The discovery of a genetic variant on the OLFML3 gene was performed at The Roslin Institute, University of Edinburgh and the Mater Research Institute-UQ, Brisbane Australia. The individuals credited for this work are Kim M Summers, Ailsa J Carlisle, Carys A Pugh and Lindsay L Farrell.  Based on this discovery, Animal Genetics develop an assay to detect the genetic variant associated with Border Collie Glaucoma.  A paper will be published outlining all of the work.


Animal Genetics accepts buccal swab, blood, and dewclaw samples for testing. Sample collection kits are available and can be ordered at Canine Test Now.


Animal Genetics offers DNA testing for Glaucoma susceptibility in Border Collies. The genetic test verifies the presence of the recessive mutation and presents results as one of the following:

G/G - Affected:
The dog carries two copies of the mutant gene and is homozygous for the OLFML3 mutation associated with BCG. The dog is very susceptible to developing glaucoma and will always pass a copy of the mutation to its offspring.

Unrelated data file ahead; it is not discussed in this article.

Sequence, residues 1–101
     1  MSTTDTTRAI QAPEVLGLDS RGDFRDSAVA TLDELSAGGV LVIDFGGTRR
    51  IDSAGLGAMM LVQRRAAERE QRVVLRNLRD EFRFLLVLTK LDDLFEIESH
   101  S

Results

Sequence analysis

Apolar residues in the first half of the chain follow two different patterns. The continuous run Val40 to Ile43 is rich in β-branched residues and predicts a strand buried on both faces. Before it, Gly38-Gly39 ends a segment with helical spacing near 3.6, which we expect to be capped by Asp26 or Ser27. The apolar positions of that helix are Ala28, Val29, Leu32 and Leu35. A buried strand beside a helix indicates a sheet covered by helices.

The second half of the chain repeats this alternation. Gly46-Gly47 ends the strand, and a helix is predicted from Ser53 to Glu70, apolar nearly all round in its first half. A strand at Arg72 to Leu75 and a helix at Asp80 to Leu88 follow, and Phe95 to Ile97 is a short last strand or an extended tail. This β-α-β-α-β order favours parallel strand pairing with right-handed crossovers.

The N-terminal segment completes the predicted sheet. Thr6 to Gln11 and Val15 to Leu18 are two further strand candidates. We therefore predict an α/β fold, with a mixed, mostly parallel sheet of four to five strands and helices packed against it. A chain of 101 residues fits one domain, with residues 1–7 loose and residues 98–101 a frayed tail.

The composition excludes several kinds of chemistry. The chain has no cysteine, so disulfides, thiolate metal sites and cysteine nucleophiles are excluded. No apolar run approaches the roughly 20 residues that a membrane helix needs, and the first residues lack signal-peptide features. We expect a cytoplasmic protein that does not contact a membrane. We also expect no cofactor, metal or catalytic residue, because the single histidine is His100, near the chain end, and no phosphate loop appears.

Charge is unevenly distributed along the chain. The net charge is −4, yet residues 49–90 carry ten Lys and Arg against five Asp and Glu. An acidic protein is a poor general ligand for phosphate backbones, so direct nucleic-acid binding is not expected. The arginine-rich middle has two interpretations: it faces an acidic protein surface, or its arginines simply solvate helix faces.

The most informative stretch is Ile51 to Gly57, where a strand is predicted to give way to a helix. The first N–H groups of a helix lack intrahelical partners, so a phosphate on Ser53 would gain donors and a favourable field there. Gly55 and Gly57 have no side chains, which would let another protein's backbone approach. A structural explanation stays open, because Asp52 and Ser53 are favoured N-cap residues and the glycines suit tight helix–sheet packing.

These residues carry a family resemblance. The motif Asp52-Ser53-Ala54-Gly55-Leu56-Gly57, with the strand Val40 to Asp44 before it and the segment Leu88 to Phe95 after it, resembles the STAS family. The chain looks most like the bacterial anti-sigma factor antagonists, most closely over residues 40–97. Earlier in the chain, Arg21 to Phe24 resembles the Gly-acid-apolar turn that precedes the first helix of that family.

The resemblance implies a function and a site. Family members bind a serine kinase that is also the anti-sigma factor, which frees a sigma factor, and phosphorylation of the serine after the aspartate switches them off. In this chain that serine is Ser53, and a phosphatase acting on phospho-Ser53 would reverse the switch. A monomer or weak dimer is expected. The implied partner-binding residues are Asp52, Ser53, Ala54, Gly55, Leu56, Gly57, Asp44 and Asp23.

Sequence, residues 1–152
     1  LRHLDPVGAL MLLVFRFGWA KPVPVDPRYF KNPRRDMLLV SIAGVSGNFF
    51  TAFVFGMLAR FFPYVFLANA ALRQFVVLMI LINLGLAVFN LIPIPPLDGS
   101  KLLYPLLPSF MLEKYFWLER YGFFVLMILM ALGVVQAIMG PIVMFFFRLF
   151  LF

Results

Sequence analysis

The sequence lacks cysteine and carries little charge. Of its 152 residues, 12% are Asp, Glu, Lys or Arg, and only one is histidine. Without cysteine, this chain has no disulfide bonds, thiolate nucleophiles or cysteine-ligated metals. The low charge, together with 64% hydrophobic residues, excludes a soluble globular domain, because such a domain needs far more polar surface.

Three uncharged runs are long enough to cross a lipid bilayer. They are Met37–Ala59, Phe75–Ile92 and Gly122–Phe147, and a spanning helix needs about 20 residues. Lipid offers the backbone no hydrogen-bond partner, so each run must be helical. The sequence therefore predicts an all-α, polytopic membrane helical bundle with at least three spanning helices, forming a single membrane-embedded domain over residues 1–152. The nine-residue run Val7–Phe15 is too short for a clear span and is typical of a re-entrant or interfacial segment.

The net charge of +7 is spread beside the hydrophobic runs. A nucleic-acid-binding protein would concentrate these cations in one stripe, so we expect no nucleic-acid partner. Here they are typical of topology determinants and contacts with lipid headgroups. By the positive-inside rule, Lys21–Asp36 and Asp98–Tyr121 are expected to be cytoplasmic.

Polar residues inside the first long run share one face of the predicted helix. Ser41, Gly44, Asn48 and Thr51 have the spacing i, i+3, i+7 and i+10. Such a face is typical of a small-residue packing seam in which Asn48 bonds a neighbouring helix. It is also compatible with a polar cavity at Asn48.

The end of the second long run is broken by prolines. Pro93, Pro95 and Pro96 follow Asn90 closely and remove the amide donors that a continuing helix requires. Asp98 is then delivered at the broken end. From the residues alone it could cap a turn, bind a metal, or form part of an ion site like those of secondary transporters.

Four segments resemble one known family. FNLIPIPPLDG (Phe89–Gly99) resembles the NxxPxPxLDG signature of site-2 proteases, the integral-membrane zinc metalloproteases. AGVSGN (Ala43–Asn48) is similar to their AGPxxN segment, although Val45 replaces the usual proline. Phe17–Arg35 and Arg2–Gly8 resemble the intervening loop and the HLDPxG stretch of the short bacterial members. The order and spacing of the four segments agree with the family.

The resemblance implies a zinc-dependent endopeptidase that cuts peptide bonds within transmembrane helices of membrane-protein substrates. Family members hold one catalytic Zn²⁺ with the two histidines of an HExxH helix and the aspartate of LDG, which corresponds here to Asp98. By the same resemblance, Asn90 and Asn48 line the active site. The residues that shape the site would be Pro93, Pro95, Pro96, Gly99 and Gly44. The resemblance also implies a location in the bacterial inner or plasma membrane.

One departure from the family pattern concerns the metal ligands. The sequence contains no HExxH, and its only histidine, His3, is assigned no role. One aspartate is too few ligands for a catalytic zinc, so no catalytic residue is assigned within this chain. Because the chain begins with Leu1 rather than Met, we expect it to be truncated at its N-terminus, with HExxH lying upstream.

N/G - Carrier:
One copy of the OLFML3 mutation associated with BCG. Dog is a carrier and can pass on a copy of the defective gene to its offspring 50% 0f the time.

N/N - Clear:
Sample tested negative for the OLFML3 mutation associated with BCG, and will not pass on the defective gene to its offspring.

The PBHF are delighted to announce that after many years of research the Pre-Disposition to Glaucoma DNA test is now commercially available via Animal Genetics. The discounted cost via a PBHF clinic is £30. The recommendations are to not breed from affected stock and for carriers to only be mated to clears. Due to the number of carriers found it is not recommended that all carriers are removed from breeding programs as this may decimate genetic diversity within the breed. The test was officially launched at Scottish and Wessex Border Collie Club open shows on 19th and 20th May and is also available via post by contacting

The option for sending results to this database has also been added to our submission form, and will be added to the existing database as a new column in the sheets!

22nd January 2018

From January 2018, all new tests will be listed on each page BLUE to show the official grading system being incoporated in the UK as below: